How to Literally Lose that Weight WHILE SLEEPING, in 9 Ways
Still dreaming about your weight-loss goals? Make them a reality with these scientifically backed ways to shed extra pounds while catching some shut-eye.
#1 Adjust the thermostat
Sleeping in cooler temperatures could help you burn more calories and lose weight overnight. According to a study published in the journal Diabetes, people who slept in rooms cooled to 66 degrees for a month increased the amount of calorie-burning brown fat in their bodies by 42 percent; their ability to metabolize fat jumped by 10 percent. Even better, their insulin sensitivity also improved, potentially lowering their risk of developing type 2 diabetes. Researchers previously found that “metabolic signaling” between skeletal muscle and brown-fat tissue in the cold may make the body work harder to reach its optimal core temperature. Sleeping naked could maximize these benefits even further.
#2 Have a good night sleep
How to lose weight overnight? It might really be as simple as hitting the sack on time to combat weight gain. One study found that people who slept for 8.5 hours instead of 5.5 burned an average of 400 more calories per day—which adds up to an extra 2,800 calories per week. Why? Their bodies weren’t trying to save energy by burning calories at a slower rate. The dieters who got less sleep during this period lost 55 percent less weight from fat than they had previously, even though they consumed the same number of calories. Other research presented at the European Congress of Endocrinology suggests that sleep loss causes the body to produce fewer fullness hormones like GLP-1 and more of the hunger-promoting ghrelin.
#3 Have foods rich in protein before bed
Don’t beat yourself up over those late-night hunger pangs. Instead, satiate them with a protein-packed snack. Florida State University researchers found that downing 30 grams of protein with, say, a snack like cottage cheese, a half hour before bedtime had positive effects on metabolism, muscle quality, and general health. Prior studies found a similar effect with nighttime protein shakes, with one suggesting that they could increase muscle protein synthesis overnight after resistance training. One caveat: Make sure to adjust your calorie intake during the day downward—you don’t want to stack up extra calories at night.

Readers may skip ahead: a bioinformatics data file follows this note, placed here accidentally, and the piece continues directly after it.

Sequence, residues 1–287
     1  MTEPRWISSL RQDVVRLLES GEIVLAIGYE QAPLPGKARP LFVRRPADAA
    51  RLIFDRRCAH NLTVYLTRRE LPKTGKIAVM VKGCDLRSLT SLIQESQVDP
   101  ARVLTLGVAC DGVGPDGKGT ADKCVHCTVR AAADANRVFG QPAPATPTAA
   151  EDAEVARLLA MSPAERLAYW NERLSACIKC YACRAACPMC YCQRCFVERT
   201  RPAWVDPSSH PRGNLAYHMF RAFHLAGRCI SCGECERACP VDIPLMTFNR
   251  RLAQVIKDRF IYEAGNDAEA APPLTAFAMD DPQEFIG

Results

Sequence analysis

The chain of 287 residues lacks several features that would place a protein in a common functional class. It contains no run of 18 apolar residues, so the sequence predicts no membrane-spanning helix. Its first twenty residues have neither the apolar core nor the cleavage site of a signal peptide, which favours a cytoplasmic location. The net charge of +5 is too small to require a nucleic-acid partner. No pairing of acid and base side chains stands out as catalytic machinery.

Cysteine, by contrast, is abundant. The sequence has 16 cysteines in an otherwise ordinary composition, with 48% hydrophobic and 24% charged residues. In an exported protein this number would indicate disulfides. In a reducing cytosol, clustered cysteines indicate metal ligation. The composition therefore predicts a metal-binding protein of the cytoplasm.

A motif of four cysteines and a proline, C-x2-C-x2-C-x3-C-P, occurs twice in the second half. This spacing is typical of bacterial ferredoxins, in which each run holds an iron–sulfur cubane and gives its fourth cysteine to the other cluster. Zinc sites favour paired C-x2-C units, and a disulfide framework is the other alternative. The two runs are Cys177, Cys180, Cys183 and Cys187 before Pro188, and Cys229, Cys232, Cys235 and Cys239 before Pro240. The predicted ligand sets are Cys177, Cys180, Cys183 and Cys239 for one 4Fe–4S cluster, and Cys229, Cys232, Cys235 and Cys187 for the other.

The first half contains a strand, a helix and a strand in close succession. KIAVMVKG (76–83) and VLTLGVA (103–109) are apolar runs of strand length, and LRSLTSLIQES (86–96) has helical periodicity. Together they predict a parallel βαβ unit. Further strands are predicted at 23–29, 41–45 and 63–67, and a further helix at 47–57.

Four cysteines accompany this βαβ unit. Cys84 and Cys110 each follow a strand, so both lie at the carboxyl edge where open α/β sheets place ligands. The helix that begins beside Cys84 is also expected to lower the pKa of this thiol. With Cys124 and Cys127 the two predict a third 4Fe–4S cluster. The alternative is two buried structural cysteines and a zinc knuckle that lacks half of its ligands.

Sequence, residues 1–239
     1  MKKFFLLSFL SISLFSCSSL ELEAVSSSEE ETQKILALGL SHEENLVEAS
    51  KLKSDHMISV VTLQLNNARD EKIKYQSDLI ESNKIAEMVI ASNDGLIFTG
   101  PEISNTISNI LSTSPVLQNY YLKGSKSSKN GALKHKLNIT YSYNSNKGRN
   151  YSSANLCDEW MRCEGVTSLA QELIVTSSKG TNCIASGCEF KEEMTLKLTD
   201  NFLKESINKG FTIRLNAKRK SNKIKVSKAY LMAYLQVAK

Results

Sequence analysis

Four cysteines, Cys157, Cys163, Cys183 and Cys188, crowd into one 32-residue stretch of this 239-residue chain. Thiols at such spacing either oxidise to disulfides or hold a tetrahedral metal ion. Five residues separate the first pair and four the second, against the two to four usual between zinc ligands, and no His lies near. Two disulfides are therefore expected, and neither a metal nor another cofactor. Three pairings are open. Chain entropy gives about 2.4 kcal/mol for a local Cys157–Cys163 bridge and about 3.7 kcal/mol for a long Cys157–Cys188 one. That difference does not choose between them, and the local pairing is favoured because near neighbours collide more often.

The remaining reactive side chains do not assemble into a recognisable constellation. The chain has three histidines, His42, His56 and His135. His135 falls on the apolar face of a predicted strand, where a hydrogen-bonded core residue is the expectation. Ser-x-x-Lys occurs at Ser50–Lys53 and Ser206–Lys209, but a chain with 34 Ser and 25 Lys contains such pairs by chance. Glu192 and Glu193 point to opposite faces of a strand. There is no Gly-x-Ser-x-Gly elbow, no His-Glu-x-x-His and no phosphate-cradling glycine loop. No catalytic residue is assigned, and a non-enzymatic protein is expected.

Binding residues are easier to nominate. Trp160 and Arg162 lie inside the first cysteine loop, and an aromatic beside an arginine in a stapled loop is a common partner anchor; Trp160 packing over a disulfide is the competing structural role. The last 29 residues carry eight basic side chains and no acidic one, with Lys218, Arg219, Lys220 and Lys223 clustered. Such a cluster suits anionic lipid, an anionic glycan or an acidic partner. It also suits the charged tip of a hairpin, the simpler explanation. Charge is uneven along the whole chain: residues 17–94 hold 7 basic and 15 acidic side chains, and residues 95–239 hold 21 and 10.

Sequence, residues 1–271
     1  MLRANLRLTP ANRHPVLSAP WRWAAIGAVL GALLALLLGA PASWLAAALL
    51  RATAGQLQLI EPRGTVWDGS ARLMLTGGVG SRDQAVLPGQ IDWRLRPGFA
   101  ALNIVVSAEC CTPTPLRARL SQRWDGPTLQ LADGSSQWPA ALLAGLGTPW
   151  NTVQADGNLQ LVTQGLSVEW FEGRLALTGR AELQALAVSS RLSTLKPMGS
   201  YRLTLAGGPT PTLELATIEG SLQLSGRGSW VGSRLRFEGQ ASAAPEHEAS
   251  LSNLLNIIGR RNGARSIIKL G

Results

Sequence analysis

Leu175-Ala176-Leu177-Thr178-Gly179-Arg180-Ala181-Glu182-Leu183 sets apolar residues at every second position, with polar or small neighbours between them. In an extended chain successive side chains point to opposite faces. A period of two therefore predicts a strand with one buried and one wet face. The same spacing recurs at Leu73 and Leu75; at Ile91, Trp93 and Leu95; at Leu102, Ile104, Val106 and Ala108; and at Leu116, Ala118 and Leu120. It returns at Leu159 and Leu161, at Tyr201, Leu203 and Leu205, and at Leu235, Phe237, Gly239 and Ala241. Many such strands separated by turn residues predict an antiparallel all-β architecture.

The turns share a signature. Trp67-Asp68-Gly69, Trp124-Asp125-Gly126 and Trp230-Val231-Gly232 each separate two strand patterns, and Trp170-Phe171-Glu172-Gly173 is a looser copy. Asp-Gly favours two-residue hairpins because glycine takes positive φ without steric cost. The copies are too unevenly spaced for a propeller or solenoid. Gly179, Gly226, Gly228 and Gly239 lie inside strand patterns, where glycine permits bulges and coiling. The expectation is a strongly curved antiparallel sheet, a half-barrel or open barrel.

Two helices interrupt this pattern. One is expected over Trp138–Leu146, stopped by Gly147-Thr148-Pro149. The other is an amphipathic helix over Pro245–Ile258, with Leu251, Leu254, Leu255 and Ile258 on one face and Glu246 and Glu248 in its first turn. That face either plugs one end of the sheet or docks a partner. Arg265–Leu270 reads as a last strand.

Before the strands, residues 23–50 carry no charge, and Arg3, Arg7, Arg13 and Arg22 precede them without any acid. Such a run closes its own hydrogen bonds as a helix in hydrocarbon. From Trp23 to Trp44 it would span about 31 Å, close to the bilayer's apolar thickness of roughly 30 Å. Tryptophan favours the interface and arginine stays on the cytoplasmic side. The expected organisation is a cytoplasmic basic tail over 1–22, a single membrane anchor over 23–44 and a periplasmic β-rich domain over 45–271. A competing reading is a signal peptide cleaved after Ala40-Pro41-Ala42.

#4 Go for small meals
Similar to drinking alcohol, if you eat a big meal in the evening, your body will work to metabolize it instead of detoxing and recharging. This becomes especially problematic if you’re loading up on carbs, says Sharon Zarabi, RD, CDN, the Bariatric Program Director at Lenox Hill Hospital. “If we eat carbohydrates, blood sugar becomes elevated and the body secretes insulin to take the sugar we just ate and shuttle to our cells for use,” she explains. “If we aren’t using that energy—since we are going straight to bed—we will store those calories as fat. The rise of insulin [also] creates a whole cascade of events increasing blood sugars, promoting fat storage, and preventing fat breakdown, and it interferes with the circadian clock of proper sleep.” Instead of suggesting a hard cutoff for eating at night, Zarabi suggests swapping carbs for fiber-filled, plant-based foods that will “assist with the digestive process rather than give the body more work when it’s preparing to turn off for sleep.”
#5 Avoid cocktails